On a typically hot and humid July day in Stonetown, the capital of Zanzibar, a gaggle of children, teenagers and the odd parents watched our small drone take flight. My colleagues Makame Makame, Khamis Haji and I had finally found the perfect launch spot.
With a high-pitched humming, the drone took to the air. It sounded like a big mosquito—appropriate, since we were testing the use of drones for mapping aquatic malaria habitats. These shallow sunlit water bodies teem with mosquito larvae. In a matter of days, the larvae will emerge as adult mosquitoes in search of a blood meal. If one of those mosquitoes bites a human infected with malaria, it will become a vector for the disease and continue its deadly transmission cycle.
Zanzibar is a Tanzanian archipelago off the coast of East Africa. Both it and mainland Tanzania have fought a long, well documented battle with malaria. Globally, the disease infects over 200 million people annually and is responsible for killing approximately 500,000 people each year.
The Millennium Development Goals prompted a number of large scale campaigns across sub-Saharan Africa to combat malaria. Millions of bed nets were distributed. Insecticide was supplied to spray in homes across communities. The aim was to stop people getting bitten, interrupting the transmission cycle.
It’s been a real success story, leading to a notable decrease in the disease’s prevalence. Some areas of Zanzibar have seen prevalence levels drop from 40 percent of the population having malaria to less than 1 percent.
Now epidemiologists and public health managers are looking to complement indoor-based nets and spraying with outdoor based solutions. In effect, they’re taking the battle to mosquitoes. And drones are a crucial part of their armory. One of the main challenges to disease managers is finding small water bodies that mosquitoes use to breed. This is where drones come in—for the first time, drone imagery can be captured over large areas which can be used to create precise and accurate maps of potential habitats.
We know that once an adult mosquito has fed and rested, it will typically go in search of a mate. Then it moves on to a suitable location—an aquatic habitat like the fringes of river channels, roadside culverts and irrigated rice paddies—to lay its eggs.
Public health authorities need to be able to locate and map these water bodies so they can be treated using a larvicide like DDT. This process is known as larval source management, and was successfully used in Brazil and Italy many decades ago. There, the DDT killed mosquito larvae—but could also be devastating for local ecology as well as having adverse effects on human health.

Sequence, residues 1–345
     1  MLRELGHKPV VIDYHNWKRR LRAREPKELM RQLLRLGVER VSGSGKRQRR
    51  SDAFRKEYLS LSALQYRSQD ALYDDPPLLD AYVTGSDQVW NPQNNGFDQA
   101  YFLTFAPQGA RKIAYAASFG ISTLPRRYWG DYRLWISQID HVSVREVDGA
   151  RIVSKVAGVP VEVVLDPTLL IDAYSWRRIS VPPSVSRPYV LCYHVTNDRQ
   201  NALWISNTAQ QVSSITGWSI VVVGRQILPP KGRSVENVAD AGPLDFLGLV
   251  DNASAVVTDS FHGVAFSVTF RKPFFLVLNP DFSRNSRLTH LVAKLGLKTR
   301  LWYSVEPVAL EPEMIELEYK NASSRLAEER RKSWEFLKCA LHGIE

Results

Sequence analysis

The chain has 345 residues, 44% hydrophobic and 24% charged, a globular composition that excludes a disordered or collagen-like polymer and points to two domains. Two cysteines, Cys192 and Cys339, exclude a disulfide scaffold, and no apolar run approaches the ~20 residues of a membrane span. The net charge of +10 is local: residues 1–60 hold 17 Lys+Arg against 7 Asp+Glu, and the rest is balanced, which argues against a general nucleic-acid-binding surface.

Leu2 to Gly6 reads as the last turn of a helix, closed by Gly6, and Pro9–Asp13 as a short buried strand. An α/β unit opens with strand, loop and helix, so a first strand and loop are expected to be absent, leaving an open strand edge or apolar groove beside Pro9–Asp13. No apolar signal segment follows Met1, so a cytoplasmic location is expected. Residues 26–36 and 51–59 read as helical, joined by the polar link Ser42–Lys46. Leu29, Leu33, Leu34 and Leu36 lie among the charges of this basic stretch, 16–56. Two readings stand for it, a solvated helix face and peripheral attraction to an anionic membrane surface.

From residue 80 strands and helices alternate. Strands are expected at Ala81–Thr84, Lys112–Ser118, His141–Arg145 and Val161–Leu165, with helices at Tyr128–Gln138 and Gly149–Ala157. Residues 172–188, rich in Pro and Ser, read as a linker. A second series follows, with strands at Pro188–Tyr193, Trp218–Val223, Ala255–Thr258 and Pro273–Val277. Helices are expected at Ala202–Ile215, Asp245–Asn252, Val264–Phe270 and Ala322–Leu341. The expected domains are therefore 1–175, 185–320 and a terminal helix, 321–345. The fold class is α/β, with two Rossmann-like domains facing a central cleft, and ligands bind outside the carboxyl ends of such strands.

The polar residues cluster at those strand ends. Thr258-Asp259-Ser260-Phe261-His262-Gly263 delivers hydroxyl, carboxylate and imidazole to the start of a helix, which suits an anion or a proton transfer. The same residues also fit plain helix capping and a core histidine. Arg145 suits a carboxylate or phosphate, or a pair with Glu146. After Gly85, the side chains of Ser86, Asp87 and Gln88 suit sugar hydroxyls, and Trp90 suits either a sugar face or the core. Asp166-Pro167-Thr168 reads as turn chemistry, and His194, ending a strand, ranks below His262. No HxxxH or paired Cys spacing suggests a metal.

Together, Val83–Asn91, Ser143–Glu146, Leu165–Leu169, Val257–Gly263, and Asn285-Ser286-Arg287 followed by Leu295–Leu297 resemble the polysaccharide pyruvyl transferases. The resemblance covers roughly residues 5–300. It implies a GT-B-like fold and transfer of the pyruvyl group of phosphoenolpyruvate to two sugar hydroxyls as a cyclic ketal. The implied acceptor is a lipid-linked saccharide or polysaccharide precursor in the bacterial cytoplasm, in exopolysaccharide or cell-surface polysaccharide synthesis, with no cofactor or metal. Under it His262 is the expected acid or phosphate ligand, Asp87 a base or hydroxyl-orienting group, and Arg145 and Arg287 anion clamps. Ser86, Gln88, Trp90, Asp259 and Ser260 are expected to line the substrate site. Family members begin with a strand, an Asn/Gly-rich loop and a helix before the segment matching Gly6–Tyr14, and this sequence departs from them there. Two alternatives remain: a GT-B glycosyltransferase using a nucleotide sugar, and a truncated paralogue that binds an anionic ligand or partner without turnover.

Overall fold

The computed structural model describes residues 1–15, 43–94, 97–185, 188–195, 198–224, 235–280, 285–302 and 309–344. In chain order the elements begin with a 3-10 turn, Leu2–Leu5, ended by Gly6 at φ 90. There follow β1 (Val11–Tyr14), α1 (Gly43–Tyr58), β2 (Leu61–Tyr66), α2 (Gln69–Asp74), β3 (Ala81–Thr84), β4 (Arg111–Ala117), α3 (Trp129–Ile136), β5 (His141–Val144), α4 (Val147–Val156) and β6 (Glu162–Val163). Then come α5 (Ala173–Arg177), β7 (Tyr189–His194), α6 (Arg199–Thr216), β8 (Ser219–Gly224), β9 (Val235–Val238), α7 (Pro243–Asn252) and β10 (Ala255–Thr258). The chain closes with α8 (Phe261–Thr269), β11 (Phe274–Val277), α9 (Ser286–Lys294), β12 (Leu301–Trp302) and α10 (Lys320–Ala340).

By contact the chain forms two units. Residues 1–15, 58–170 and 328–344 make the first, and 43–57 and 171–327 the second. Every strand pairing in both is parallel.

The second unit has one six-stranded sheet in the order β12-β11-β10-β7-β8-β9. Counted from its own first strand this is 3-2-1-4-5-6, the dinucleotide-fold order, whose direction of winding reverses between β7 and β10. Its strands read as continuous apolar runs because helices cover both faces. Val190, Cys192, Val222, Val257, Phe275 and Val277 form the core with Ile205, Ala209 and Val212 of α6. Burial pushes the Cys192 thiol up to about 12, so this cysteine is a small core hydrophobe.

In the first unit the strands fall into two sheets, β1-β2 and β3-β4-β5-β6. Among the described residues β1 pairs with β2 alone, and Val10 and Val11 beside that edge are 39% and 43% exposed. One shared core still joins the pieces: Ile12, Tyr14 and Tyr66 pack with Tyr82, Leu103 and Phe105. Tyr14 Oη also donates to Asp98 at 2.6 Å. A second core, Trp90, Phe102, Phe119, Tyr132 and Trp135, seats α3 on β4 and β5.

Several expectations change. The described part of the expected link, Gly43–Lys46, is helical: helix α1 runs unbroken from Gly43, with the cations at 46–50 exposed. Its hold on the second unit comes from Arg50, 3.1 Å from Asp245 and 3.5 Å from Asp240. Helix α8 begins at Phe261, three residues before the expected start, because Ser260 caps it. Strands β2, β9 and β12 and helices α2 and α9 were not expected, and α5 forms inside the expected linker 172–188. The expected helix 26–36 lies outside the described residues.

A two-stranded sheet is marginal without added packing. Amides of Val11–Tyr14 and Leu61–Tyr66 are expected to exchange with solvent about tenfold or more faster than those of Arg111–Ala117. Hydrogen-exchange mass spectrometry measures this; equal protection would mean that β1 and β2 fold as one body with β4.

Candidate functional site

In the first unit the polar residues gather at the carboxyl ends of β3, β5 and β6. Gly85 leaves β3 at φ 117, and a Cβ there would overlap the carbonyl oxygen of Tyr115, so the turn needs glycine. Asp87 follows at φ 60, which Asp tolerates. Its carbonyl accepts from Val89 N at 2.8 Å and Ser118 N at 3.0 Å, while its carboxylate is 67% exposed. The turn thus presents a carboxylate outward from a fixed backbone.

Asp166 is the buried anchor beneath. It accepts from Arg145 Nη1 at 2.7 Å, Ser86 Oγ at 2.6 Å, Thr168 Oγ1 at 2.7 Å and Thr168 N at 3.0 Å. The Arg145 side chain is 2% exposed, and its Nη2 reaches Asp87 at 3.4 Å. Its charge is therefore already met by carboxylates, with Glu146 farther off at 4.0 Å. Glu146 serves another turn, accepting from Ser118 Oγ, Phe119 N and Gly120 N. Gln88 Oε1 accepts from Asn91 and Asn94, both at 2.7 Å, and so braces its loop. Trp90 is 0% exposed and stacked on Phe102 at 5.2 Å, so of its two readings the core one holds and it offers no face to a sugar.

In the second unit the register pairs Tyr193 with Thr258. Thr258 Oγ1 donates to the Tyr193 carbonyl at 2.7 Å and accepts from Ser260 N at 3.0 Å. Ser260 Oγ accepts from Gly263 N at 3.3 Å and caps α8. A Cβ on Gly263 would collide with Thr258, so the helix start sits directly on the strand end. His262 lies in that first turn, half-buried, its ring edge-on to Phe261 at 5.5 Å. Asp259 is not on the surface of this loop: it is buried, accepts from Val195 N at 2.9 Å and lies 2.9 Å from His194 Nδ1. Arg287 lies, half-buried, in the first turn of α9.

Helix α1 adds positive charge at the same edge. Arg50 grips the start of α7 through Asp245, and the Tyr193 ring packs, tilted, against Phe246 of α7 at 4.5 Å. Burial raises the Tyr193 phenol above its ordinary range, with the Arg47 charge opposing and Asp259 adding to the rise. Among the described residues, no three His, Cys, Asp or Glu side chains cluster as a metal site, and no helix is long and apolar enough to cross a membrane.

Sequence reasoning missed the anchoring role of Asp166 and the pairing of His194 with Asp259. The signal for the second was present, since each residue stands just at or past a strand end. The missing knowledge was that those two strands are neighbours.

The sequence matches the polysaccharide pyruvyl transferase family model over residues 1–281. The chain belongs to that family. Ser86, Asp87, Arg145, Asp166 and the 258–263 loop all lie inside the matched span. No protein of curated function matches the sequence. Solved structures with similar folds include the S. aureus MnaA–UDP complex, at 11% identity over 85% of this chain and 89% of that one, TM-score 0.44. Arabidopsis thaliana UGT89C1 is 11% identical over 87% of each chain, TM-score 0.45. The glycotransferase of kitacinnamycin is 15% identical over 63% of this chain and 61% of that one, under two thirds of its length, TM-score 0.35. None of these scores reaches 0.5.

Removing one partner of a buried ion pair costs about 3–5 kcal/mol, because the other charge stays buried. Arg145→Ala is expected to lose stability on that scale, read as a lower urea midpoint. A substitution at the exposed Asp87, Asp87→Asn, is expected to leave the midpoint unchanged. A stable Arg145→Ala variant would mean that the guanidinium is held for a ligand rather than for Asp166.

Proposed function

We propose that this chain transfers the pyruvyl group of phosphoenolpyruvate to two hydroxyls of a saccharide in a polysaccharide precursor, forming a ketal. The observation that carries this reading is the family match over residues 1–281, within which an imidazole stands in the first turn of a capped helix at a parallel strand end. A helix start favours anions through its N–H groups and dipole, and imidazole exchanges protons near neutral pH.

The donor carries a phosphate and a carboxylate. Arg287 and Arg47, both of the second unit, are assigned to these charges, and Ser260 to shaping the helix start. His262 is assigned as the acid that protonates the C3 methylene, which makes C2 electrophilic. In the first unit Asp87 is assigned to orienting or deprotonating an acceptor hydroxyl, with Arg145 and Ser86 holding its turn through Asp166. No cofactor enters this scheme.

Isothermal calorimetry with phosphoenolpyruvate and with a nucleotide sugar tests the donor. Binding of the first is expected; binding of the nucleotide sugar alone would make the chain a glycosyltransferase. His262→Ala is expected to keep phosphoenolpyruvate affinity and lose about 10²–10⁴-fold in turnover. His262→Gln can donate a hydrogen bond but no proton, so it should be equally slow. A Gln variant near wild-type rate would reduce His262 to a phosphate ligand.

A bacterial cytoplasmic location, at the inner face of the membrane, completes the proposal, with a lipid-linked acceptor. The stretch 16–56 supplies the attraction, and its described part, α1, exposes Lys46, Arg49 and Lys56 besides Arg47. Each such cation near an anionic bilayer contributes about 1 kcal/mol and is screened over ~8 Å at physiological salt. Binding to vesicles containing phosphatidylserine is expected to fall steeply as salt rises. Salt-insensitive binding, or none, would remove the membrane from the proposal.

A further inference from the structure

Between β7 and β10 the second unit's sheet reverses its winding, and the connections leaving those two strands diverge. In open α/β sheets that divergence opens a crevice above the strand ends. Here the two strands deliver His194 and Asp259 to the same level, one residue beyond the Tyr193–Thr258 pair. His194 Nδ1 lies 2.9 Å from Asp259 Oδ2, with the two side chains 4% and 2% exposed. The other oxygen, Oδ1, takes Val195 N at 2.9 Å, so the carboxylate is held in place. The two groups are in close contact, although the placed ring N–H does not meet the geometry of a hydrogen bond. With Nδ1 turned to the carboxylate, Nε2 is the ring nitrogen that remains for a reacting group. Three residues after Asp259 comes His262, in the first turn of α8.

Today much safer, low toxicity replacements have been developed. The problem is that they come at a cost. Resources are also needed to disseminate the larvicide and to locate the water bodies that host the mosquito eggs and larvae. Some of these hideaways are tough to find on foot, and if water bodies aren’t accurately mapped a larvicide campaign could end up being a waste of time.
My institution, Aberystwyth University in Wales, is working with the Zanzibar Malaria Elimination Programme to fly drones over known malaria hot spots.
In 20 minutes, a single drone is able to survey a 30 hectare (74 acre) rice paddy. This imagery can be processed and analysed on the same afternoon to locate and map water bodies. This has proved to be highly accurate and efficient. This is all using one of the most popular off-the-shelf drones, the Phantom 3 made by DJI. These are about the size of a shoebox, weighing a little more than a bag of sugar (about 2.6 pounds) and are used throughout the world for both leisure and commercial photography.
We started off working in test locations across Zanzibar but now, with the support of the Innovative Vector Control Consortium—a non-for-profit partnership aiming to create novel solutions for preventing disease transmission—we’re widening our range to explore how this technology can be incorporated into operational malaria eliminating activities.
It doesn’t stop there. We plan to incorporate the drone imagery into smartphone technology to help guide larvicide spraying teams to water bodies on the ground, and to track their progress and coverage. There’s also an exciting drive toward automatically disseminating larvicide from the drones themselves.
Getting People Involved
Despite these exciting advances, operators need to be mindful of the negative side of drones: invasion of privacy; collisions with aircraft and birdlife; their association with warfare. These are very real concerns for the public.
In Zanzibar, we worked alongside village elders to show them the drones and explain exactly what we plan to use them for. We also encouraged people to gather around when we were looking at live-feed footage from the drone’s onboard camera.
Above is a collation of drone imagery recorded using a DJI Phantom 3 over a range of sites across Zanzibar.
This introduced people to our work and gave them a chance to see how drones and similar technologies, used alongside traditional indoor-based interventions, can really help to make malaria elimination in their community a reality.
This article was originally published on The Conversation. Read the original article.